Stephen D. Williams
Tue, 15 Jan 2002 12:36:14 -0500 (EST)
> Tom wrote:
>> Buddy lists are way older than AOLS propreitary crap. More histroy
>> less corporate hype please.
A list would be nice. Various fragments of the function occur in many
places. I really wish that IRC or Zephyr had evolved.
I have no reason to hype AOL other than having created a few things there: I
never have owned a share or option (yea, my bad).
> RWHO, anyone? Hey, who coined that term "presence," anyway? Anyone?
> Anyone? Bueller?
RWHO does perform a basic presence broadcast, but it has no pub/sub and
'who' itself is a polling function. It also doesn't match presence to
routing of messages. Obviously also limited to broadcast spanning networks
or manual tunnelling.
> But that can't be right. As Clay Cipione (once high-muck at AOL) was
> once heard to say "we invented buddy lists and we are entitled to a
> 100% market share!"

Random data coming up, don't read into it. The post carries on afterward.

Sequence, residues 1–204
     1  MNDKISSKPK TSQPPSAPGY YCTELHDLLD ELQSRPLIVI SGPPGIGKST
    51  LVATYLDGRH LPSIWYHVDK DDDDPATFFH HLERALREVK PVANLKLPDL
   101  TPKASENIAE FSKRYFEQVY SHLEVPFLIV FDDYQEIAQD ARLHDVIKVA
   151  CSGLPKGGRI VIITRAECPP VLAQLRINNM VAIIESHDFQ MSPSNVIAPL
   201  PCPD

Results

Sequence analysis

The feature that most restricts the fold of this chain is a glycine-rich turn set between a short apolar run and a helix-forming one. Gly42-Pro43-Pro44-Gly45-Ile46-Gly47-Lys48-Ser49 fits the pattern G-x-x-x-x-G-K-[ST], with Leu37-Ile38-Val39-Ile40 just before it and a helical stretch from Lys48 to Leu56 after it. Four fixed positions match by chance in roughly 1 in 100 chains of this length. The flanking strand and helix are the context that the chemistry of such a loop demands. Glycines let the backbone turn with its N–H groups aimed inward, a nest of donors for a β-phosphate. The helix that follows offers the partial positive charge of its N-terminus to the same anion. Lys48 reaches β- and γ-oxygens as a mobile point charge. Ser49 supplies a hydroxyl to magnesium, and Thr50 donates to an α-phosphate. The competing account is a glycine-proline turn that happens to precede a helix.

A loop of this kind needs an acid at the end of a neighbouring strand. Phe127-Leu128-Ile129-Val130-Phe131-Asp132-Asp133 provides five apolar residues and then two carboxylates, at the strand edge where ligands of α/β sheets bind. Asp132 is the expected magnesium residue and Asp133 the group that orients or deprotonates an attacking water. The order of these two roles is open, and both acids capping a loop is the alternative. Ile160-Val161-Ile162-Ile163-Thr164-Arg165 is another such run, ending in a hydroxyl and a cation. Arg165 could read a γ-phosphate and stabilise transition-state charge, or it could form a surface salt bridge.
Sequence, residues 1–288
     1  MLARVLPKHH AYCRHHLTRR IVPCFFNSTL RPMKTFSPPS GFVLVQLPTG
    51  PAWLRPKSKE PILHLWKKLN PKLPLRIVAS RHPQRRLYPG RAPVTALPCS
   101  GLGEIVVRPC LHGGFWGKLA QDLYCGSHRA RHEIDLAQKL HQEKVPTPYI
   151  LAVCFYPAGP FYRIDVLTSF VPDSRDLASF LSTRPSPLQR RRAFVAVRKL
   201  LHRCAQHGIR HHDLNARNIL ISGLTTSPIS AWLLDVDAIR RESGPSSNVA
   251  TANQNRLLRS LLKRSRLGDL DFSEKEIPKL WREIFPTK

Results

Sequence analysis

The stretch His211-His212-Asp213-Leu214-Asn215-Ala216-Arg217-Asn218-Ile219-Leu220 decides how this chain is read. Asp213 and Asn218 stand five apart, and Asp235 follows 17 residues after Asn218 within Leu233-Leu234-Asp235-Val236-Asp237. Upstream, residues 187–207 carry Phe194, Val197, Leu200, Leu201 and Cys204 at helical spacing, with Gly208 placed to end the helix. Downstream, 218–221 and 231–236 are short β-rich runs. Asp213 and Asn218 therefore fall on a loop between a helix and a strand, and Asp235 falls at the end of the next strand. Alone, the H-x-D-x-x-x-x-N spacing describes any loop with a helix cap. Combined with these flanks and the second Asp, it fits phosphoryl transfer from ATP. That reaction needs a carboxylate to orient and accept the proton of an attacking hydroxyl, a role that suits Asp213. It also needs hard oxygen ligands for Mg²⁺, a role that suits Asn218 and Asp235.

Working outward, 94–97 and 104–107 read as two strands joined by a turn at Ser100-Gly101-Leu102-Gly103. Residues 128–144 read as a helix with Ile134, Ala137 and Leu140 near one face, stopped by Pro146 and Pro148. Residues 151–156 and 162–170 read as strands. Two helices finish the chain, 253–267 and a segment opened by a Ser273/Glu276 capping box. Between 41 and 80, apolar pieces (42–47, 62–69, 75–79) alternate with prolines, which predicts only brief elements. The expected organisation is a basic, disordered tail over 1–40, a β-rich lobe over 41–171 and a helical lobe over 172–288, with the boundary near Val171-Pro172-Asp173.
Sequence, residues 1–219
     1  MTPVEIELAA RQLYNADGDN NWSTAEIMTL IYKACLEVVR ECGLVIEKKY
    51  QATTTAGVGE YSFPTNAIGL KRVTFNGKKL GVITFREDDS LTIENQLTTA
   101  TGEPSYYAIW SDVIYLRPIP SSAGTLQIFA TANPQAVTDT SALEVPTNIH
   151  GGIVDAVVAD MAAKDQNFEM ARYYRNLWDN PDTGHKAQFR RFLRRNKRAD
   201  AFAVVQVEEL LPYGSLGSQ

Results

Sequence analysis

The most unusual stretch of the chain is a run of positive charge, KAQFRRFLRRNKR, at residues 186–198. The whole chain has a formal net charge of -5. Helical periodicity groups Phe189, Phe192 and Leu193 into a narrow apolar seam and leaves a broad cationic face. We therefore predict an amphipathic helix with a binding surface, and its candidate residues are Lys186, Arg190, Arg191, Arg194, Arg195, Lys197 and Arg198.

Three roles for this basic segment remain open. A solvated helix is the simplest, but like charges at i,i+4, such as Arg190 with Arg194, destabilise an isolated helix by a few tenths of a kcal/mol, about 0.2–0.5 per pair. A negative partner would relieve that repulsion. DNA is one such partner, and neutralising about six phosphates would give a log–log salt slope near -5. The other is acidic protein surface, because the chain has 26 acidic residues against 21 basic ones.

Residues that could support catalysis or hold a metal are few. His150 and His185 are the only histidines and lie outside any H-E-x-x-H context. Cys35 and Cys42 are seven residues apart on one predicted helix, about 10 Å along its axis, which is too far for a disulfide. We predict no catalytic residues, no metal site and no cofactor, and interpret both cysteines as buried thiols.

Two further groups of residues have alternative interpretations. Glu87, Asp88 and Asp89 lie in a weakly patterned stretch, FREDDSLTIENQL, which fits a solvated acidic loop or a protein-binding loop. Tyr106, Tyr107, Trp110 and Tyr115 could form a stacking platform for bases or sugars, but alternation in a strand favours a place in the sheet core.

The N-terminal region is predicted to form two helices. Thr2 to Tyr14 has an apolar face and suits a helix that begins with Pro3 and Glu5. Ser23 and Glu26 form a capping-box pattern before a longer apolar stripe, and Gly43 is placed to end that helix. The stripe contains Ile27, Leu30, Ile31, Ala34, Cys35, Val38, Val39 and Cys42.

IMHO: Clay Cipione is a jerk. Inneffective, fosters cultural poison, a real
downer at AOL. He mostly ruined the great culture that AOL had the first
two years I consulted there. He started at AOL mid to late 1996. I worked
very indirectly for him at Lexis-Nexis for 2 of my 3 years there where I
believe he was a strong negative influence. I tried to warn AOL about him,
but they were already committed when I found out they were hiring him.
That being said, the only anti-trust issues with AIM/BuddyList were
indirect: it's reasonable to make the requests they did as part of the
AOL/TW merger, although they should have been stronger. It's nothing like
the MS monopoly situation, although it could become similar eventually.
If someone were to pay for the server bandwidth, which isn't really that
much pre-multimedia, it would be possible to compete in the IM/Presence
space. In fact, I think that the multimedia capability could be charged for
profitably. Maybe the whole project could be started as a cooperative
non-profit public entity. I can see how it could reach equilibrium after
critical mass, but as always getting there is tough.
As far as invention, what AOL did was put the right elements together to
create a critical mass for this killer app. The elements of BuddyList
existed. BuddyList/IM as a whole suitable for a bulk market did not exist.
Stephen D. Williams
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